Overall, Bitwarden is a great password manager for us normies, developers as well as organizations. The free version is sufficient for most people and their premium versions are reasonably priced. You can easily import your passwords from any password manager, as well as from web browsers.
KeePassXC is a free and open source local-based password manager that started as a community fork of KeePassX, which itself is a cross-platform fork of KeePass.
KeePassXC stores all the passwords on your device, unlike Bitwarden, you can sync your passwords by hosting your encrypted database on to the cloud via Google Drive or Dropbox, and use apps to access your passwords.
It is completely free, and has lots of features, secure storage of passwords and other data with strong encryption algorithms like AES, Twofish or ChaCha20, SSH Agent integration, Auto-fill, command line interface, built-in authenticator, and much more.
The complete database is always encrypted with the industry-standard AES (alias Rijndael) encryption algorithm using a 256-bit key. KeePassXC uses a database format that is compatible with KeePass Password Safe. Your wallet works offline and requires no Internet connection.KeePassXC Security
KeePassXC can generate strong and unique passwords using the built-in password generator, has native apps for Windows, macOS, Linux as well as browser add-ons for Chrome, Firefox, Vivaldi, etc. There are currently no official mobile apps, and KeePassXC recommends open source KeePass2Android and Strongbox for Android and iOS.
All in all, KeePassXC is an awesome password manager for people who want a local password manager, it is recommended by EFF and is first choice of security pundits, and developers.
LessPass is a free and open source stateless password manager that unlike both Bitwarden and KeePassXC doesn’t store passwords anywhere, neither on the cloud nor locally.
LessPass doesn’t store your passwords — it computes it instead:
LessPass computes a unique password using a site, login and a master password. You don’t need to sync a password vault across every device because LessPass works offline!LessPass Password
It works offline, doesn’t need any syncing because there is nothing to sync, just put in the Site, Login, and your Master password and it will generate your unique password.
Here’s how it works as explained by LessPass:
The system uses a pure function, i.e. a function that given the same parameters will always give the same result. In our case, given a login, a master password, a site and options it will return a unique password.
No need to save your passwords in an encrypted file. You just need to access the tool to recalculate a password from information that you know (mostly the login).LessPass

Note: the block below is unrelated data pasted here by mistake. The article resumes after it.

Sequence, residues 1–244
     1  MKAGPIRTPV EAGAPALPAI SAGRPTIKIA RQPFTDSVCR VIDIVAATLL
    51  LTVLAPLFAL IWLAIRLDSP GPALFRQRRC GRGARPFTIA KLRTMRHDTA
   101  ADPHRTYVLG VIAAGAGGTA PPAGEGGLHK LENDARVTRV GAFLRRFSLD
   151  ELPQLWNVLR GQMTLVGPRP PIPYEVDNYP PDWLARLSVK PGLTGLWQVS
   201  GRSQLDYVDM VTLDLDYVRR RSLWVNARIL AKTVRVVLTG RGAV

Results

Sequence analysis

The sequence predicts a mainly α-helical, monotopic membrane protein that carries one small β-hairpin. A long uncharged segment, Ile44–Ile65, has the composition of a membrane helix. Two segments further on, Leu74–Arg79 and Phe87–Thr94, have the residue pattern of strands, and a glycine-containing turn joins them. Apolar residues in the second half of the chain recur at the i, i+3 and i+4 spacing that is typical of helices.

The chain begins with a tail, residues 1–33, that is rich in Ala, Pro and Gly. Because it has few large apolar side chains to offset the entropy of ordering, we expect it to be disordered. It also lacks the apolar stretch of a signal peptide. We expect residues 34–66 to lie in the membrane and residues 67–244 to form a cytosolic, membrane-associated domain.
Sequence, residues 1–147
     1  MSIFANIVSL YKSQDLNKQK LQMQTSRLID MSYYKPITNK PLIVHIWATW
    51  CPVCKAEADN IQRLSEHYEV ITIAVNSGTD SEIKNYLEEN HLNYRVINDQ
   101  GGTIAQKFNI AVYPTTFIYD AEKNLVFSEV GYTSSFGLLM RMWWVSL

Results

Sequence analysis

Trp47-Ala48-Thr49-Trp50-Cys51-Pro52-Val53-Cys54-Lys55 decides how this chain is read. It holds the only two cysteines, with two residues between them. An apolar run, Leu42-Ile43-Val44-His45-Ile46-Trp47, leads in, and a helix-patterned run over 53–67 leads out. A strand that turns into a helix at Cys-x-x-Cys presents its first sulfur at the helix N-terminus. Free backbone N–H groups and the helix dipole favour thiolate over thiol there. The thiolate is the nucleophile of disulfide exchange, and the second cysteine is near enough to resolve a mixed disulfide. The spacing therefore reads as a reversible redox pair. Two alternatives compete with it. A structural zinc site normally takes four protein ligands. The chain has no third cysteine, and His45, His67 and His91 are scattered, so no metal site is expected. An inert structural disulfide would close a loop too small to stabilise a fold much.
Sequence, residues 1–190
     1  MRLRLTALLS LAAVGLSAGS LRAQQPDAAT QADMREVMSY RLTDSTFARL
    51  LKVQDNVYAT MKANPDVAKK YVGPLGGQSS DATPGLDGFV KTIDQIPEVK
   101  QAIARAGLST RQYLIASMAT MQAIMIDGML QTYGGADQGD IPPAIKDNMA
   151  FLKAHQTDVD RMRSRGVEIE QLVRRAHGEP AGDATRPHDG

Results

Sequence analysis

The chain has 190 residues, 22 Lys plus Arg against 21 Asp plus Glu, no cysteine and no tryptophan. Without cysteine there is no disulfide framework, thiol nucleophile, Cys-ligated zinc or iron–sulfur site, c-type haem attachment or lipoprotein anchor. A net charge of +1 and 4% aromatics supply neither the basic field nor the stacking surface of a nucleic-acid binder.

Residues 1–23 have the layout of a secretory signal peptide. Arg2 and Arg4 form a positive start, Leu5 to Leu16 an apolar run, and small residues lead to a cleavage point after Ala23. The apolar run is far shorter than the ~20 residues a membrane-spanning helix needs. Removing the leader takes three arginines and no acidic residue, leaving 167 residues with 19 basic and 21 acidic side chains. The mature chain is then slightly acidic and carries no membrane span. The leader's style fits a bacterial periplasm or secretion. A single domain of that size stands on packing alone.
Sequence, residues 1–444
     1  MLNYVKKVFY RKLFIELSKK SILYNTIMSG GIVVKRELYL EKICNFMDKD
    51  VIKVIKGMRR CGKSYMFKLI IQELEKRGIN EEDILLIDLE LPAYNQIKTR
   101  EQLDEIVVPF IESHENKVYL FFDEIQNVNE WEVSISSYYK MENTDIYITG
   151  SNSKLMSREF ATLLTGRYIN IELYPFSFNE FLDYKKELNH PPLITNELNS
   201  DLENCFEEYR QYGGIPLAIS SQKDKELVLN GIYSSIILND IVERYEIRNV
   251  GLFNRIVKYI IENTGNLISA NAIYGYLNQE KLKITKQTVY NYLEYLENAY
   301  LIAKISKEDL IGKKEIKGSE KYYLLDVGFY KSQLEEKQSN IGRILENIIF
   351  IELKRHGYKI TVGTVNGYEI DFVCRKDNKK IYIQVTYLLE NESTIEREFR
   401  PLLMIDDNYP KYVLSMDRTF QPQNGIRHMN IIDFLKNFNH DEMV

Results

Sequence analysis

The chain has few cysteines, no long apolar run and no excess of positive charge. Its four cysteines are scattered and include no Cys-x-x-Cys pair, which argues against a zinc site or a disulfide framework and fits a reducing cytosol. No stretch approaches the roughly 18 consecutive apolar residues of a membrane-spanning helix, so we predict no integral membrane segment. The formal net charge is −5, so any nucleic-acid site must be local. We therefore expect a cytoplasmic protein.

LessPass is open source, letting anyone audit the source code for vulnerabilities, and uses PBKDF2 with 100,000 iterations and a hash function sha-256:
To raise the cost of breaking your master password, the generation of the password must be time-consuming, especially by brute force. So LessPass uses PBKDF2 with 100,000 iterations and a hash function sha-256.
The hash generated by the first function is derived and processed in order to respect the requested options (i.e. length, lowercase, uppercase, numbers, special characters):LessPass Security
LessPass is available on the web via their website, Android, and has browser add-ons for Chrome and Firefox, and has command line interface. You can also host your own LessPass database via Docker.
Overall, LessPass is a fascinating idea that seems like it’s gonna solve all your password problem, it doesn’t require any syncing, there is no database but it has its downsides as there is no database of your data!
More Password Managers
Bitwarden, KeepassXC, and LessPass are the best in their categories, here are some other great password managers you may be interested in:
Psono is a freemium and open source password manager for teams with multi level encryption starting with client side encryption. There is a community version that is completely free, and has two Enterprise editions for bigger organizations that need more features.
It uses Curve25519 and Salsa20 in form of NaCl, instead of RSA, AES, and PBKDF2. There is a built-in password generator, and comes with great features like secure notes, password and file sharing, autofill, etc.
Password Safe is a free and open source local password manager, designed by renowned security technologist Bruce Schneier. It allows you to safely and easily create a secured and encrypted username / password list that is secured by your master password.
Master Password is another free and open source stateless password manager just like LessPass, with native apps for Android, iOS, macOS, Windows, Web and a command line interface. Your passwords aren’t stored: they are generated on-demand from your name, the site, and your master password. No syncing, backups, or internet access needed.